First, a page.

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Theatre Review: Cyprus Avenue

DENNIS POOLE recommends a bleak black comedy on deranged sectarianism in Ireland

Cyprus Avenue
Royal Court Theatre, London

LIVING in Cyprus Avenue, East Belfast, Eric regards himself as British. Protestant to the core, he  enthusiastically joins in the Orange marches every August. What he is not is Irish or anti-Catholic or anti-racist.

But, a loyal son of Ulster, he is determinedly anti-fenian. And, in David Ireland’s play, he is psychologically off his trolley.

Introduced to his newly born granddaughter, he convinces himself that his family has been infiltrated by the forces of darkness — his granddaughter is indeed none less than the devil incarnate Gerry Adams himself.

Thus begins the descent of Eric (Stephen Rea) into spiralling madness. Banished from the family home, he finds himself on a park bench where he engages in a rambling monologue reflecting on a trip to London 10 years previously where, in an Irish bar, he is invited to celebrate his Irish roots and join in the “craic.”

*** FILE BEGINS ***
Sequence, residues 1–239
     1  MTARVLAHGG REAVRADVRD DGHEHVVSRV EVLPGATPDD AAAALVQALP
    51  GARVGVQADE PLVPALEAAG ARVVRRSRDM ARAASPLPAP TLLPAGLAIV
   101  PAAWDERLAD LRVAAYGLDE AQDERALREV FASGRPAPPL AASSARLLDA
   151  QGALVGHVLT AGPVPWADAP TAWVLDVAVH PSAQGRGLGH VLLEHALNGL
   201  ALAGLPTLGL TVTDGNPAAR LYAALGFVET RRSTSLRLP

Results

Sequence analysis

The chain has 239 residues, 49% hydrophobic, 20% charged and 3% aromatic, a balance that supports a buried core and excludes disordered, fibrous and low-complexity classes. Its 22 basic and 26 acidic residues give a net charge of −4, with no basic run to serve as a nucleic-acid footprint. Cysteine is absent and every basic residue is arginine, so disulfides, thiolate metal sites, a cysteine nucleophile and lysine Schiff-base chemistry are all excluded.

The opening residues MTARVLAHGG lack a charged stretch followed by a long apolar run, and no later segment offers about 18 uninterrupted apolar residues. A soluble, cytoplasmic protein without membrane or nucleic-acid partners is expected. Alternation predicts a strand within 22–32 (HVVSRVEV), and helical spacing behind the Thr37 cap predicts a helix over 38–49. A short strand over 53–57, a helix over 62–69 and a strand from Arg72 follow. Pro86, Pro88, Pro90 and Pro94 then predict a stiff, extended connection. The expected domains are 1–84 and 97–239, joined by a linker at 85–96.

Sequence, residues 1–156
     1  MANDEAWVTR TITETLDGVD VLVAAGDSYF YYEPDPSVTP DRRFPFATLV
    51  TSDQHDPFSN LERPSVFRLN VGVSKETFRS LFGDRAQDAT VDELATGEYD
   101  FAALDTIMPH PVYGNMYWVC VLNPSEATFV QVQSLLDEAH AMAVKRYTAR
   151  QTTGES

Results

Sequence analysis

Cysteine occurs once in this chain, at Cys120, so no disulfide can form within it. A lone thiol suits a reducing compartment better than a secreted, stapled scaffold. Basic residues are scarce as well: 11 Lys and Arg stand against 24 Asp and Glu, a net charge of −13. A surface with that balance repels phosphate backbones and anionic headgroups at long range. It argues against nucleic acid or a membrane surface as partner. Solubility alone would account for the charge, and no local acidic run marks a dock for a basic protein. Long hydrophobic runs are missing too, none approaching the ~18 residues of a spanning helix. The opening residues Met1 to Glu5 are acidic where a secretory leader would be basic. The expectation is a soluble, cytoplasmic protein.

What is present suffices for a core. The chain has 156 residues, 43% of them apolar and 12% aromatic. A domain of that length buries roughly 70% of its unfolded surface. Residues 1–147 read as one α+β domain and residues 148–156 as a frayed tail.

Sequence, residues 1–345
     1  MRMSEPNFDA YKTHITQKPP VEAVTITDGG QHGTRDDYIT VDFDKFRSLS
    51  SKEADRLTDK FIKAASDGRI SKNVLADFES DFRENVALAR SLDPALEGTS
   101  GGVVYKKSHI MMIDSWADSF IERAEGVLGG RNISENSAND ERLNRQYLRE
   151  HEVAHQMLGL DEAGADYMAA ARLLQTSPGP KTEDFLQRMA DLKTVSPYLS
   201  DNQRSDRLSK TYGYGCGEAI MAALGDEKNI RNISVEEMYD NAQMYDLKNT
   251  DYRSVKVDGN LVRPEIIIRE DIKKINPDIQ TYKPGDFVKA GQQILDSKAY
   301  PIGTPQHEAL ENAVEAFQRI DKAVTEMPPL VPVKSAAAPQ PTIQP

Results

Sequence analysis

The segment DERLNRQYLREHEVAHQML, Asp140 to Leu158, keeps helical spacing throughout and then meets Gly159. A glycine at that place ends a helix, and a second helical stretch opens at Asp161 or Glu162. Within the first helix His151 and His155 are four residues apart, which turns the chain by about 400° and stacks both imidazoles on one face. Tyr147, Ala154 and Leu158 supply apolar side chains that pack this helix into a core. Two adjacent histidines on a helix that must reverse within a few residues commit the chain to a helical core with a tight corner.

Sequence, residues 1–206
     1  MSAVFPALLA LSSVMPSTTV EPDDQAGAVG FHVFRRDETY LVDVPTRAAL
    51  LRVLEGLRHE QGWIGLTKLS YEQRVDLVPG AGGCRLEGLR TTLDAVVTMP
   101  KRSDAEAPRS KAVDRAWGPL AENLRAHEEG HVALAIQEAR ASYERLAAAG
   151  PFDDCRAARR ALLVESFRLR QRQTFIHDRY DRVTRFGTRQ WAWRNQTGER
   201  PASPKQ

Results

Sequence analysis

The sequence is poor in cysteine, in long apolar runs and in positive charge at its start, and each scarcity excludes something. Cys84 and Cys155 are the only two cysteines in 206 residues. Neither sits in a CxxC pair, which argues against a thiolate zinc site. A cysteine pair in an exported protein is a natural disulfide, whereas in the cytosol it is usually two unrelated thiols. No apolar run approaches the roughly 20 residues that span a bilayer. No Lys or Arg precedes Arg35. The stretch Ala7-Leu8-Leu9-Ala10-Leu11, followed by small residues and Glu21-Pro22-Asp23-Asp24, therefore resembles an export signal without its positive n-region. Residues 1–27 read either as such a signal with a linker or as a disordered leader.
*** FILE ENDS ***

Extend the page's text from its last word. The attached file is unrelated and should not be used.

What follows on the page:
Befriended by a “fat and repulsive” Camden Irishman, he is seduced into a rare old time in celebration of Irish culture, reeling drunkenly through London streets singing rebel songs. Waking next morning full of remorse and regret, he never drank again.

As this reminiscence concludes, Eric finds himself confronted by Slim (Chris Corrigan), a gun-wielding UVF man who threatens to shoot him. His diatribe had been overheard by a young boy, causing trauma and confusion about his own Irish identity.

The mother of the boy demands reparation in the form of Eric’s murder and the latter persuades Slim that a more appropriate target for revenge would be Gerry Adams in the form of Mary-May, his new granddaughter. And, with absurdist gruesomeness, the play concludes back in Cyprus Avenue.

This bleak black comedy has a tour-de-force performance from Stephen Rea, who takes takes centre stage for the whole of the action and the scene in which Eric is confronted by Slim provides genuinely sublime absurdist comic interaction.

The two male characters get most of the action, all of the choice lines and thus most of the plaudits. But they’re well supported by Ronke Adekoluejo as Eric’s clinical psychologist Bridget, Andrea Irvine as his wife Bernie and Amy Molloy as the daughter Julie.

Runs until March 23, box office:



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